STEM Ed Innovators Fellowship Program

The STEM Ed Innovators Fellowship has been conducted in a yearlong face-to-face setting for the last ten years in New York and three years in Boston. From 2020, the program is going nationwide as a shorter (4-month) program that uses blended learning (a mix of two-hour face-to-face and virtual sessions), while retaining the key attributes of quality, peer-learning, and mentoring by Master Fellows, who are former Fellows and STEM teachers themselves.

The key benefits of the program are increased confidence in and enjoyment of the classroom experience by both STEM teachers and students as well as better student engagement in STEM subjects.  Additional benefits demonstrated by the program are reduction in student dropout and teacher attrition.

The Program is a four-month/seven-workshop blended learning experience, designed to engage and support middle and high-school science teachers who work in under-served schools. Through bi-weekly face-to-face and virtual workshops, dialogue with peers and mentors, and a critical examination of their practice, Fellows learn to transform their students’ experience by applying and further developing the Democratic STEM Teaching Framework. The Fellowship experience challenges participants to examine their teaching practices through the lens of the framework. For any given learning experience, STEM Ed Innovators ask the following questions:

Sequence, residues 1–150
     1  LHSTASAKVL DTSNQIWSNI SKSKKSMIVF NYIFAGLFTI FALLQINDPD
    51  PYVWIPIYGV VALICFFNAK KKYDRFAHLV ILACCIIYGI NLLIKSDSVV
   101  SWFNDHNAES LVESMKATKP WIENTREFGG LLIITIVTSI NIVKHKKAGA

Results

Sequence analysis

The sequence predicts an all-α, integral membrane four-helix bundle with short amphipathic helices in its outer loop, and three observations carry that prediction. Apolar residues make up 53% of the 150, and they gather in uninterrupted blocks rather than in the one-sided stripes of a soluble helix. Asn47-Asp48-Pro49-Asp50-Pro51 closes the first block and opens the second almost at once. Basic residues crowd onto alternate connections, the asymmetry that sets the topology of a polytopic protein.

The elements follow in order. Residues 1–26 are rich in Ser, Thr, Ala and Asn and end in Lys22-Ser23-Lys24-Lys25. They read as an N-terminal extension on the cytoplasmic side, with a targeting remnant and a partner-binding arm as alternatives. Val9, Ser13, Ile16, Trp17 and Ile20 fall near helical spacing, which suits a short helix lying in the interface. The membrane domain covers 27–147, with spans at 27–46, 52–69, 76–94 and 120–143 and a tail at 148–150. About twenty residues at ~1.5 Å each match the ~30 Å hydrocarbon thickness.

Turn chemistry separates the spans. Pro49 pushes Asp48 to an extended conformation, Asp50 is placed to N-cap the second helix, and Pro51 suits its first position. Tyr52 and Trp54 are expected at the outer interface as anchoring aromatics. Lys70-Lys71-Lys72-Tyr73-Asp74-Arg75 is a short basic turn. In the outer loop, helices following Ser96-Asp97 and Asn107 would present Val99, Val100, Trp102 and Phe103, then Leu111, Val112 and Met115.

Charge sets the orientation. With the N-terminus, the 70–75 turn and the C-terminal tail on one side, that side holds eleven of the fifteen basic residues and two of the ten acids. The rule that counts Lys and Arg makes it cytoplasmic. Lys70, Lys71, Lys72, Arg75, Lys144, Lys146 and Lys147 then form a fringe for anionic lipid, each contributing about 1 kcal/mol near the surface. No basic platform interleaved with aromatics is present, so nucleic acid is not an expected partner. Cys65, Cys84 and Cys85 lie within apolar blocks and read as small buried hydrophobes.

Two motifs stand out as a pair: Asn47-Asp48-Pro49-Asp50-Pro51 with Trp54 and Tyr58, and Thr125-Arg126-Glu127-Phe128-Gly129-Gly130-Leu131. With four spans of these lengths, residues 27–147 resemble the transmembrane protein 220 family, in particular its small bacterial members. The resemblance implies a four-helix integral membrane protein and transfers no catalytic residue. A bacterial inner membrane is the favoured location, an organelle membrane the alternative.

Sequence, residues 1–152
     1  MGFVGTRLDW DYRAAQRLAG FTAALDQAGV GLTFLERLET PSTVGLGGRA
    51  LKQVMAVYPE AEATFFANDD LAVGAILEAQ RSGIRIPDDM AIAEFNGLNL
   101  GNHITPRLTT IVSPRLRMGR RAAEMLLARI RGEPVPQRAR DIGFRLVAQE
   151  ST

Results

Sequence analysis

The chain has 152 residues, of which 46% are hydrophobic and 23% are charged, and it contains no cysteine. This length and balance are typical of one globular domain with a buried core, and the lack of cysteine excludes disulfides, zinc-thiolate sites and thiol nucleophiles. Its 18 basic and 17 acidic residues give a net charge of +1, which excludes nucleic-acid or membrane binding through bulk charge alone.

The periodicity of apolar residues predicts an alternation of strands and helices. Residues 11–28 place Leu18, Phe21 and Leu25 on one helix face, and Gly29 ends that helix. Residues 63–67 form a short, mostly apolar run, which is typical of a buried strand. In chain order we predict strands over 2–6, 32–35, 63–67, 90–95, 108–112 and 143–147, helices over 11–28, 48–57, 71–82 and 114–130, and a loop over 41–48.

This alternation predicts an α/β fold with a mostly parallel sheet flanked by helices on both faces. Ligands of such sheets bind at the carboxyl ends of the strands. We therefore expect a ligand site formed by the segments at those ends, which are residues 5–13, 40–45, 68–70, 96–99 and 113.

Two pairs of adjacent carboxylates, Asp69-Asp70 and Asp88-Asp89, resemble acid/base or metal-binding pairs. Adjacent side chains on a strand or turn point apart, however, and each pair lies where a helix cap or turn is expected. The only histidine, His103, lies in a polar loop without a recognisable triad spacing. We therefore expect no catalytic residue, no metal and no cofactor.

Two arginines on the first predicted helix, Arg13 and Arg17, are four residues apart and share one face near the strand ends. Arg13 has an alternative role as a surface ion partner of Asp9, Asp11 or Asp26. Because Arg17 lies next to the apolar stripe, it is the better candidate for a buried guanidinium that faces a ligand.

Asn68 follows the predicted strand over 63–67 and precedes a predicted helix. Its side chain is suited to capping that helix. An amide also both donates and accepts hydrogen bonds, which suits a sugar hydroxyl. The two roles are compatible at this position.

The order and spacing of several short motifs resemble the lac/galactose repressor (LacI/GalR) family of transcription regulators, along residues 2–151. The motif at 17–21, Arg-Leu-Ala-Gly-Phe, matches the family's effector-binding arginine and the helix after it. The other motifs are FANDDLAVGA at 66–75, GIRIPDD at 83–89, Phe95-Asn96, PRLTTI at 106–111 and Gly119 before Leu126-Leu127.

• Where in this learning experience is there room for student choice?

  • Where in this learning experience can I enhance my students' voice and learn more about their ideas?

  • How am I helping my students to build on their pre-existing funds of knowledge?

  • In what ways can I personalize this learning experience for my students?

  • How and when are my students investigating science in an authentic way, becoming subject matter experts who leverage their knowledge for small- and large-scale change?

 

At the end of the program, Fellows publish a 5-7 minute digital story called Windows-into-Classrooms (or WiCs), that demonstrates a new democratic science teaching practice. The WiCs are critiqued in the final session of the program by peers and other invitees, revised, and placed in the STEM Ed WiC library.